The federally-funded 'Second China Project', as the researchers named it, was undertaken with objective of educating and preparing foreign service or other government professionals so that they would be fully prepared and ready to work when they visit China.
"I think what we hope is that this kind of environment can provide a bridge between knowledge alone and actually being in the real-life environment," said Julie Henderson, an international program specialist at the UF College of Pharmacy and co-principal investigator and project designer for the effort.
The new model can not only introduce users to typical sights and the Chinese language, but also to expectations of politeness, accepted business practices and cultural norms. "We've built an environment around learning objectives," said Paul Fishwick, lead investigator and a professor of computer and information science and engineering.
In the office simulation, the user's avatar chooses appropriate business attire and a gift, greets a receptionist, and is guided to a conference room to be seated, among other activities.
The system improves the user's understanding or awareness with each scenario: the Chinese formal greeting language and procedure, that it's traditional to bring a gift to a first meeting, that guests typically are seated facing the door in a Chinese meeting room, and so on.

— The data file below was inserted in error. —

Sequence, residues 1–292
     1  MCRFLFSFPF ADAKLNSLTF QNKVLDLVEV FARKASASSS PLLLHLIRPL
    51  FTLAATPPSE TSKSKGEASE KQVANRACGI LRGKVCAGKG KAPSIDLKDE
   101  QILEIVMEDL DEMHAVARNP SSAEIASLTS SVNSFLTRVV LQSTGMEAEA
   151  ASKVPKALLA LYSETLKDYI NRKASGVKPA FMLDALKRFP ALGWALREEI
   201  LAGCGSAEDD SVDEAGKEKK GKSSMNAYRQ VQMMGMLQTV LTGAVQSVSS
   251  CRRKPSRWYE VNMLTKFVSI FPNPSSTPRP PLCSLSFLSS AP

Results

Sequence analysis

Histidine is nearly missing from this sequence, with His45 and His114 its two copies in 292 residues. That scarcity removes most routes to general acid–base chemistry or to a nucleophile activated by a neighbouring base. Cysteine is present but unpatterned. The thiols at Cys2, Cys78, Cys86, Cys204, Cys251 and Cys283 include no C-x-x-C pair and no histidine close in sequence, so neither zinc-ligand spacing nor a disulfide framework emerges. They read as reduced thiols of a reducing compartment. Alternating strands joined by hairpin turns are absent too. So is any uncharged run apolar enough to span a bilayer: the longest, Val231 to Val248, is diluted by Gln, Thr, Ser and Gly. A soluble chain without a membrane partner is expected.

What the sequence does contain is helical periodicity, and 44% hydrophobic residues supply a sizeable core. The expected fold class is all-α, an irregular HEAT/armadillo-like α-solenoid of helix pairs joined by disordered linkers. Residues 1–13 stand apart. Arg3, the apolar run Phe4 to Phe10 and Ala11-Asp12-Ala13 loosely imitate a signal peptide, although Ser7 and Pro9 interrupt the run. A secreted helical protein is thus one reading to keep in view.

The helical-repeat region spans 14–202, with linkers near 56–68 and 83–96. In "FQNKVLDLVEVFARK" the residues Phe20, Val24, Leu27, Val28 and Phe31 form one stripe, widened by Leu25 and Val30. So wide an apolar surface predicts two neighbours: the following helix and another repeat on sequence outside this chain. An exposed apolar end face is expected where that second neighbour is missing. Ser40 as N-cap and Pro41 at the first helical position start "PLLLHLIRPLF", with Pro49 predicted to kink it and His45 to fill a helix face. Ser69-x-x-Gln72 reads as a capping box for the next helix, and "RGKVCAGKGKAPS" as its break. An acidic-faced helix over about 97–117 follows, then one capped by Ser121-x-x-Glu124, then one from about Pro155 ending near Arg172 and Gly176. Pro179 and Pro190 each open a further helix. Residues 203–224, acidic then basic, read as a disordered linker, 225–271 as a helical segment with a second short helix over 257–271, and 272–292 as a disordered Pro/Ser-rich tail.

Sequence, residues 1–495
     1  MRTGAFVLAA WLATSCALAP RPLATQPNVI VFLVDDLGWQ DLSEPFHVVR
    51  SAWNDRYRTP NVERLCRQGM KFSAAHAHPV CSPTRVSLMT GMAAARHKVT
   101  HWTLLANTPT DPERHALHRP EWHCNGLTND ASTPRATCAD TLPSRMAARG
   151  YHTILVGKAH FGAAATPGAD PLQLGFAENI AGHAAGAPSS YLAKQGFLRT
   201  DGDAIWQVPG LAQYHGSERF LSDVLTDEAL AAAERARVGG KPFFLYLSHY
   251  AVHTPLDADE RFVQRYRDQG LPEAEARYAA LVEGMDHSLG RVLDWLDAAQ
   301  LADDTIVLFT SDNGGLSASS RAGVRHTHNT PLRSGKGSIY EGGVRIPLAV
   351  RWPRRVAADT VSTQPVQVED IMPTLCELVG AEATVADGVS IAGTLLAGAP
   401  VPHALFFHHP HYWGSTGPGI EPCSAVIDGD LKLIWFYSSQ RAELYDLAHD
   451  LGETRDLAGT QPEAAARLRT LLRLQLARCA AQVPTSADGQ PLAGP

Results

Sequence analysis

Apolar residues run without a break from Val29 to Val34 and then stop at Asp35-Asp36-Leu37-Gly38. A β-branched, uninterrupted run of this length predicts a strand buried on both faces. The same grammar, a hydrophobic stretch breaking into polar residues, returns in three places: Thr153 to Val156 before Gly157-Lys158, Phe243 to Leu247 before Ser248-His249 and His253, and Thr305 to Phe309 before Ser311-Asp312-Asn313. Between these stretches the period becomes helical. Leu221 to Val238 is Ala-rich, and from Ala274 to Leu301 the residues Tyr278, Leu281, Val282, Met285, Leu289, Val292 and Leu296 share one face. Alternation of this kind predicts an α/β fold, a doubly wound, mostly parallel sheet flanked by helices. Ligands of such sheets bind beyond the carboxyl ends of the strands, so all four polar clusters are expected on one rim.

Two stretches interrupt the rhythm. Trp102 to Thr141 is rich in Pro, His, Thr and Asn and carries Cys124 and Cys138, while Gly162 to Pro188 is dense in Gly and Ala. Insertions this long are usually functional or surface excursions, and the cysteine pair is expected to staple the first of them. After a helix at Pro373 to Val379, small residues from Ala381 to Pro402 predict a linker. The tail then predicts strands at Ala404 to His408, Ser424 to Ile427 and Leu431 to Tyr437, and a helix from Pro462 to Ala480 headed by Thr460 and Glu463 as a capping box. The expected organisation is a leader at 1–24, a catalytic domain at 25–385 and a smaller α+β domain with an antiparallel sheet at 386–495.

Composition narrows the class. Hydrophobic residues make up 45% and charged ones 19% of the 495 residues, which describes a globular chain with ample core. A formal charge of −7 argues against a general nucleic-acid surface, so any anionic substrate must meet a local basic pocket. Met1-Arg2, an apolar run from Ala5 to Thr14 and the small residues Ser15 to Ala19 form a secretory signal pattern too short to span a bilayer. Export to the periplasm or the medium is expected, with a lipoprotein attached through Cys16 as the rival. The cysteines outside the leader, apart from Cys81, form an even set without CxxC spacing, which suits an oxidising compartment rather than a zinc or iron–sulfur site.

In the simulation, a greeter shows the visitor photos of well-known personalities who have visited as patrons, a typical practice in many establishments in China. There is also a Web tutorial that provides biographical background on Chinese President Hu Jintao and other well-known Chinese personalities in the photos.
"It's important to be able to go to China already familiar with the important historic and political figures," said Henderson. The researchers believe that allowing users to place themselves within Second China's virtual world may make the information more memorable and pique users' curiosity and urge to explore.
They'll spend a year developing the project, and the next year testing it on users to gauge its effectiveness."In terms of knowledge and empathy toward the culture, we don't yet know the answer to the question of where one medium succeeds and another one fails," Fishwick said.
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Story first published: Thursday, October 30, 2008, 17:37 [IST]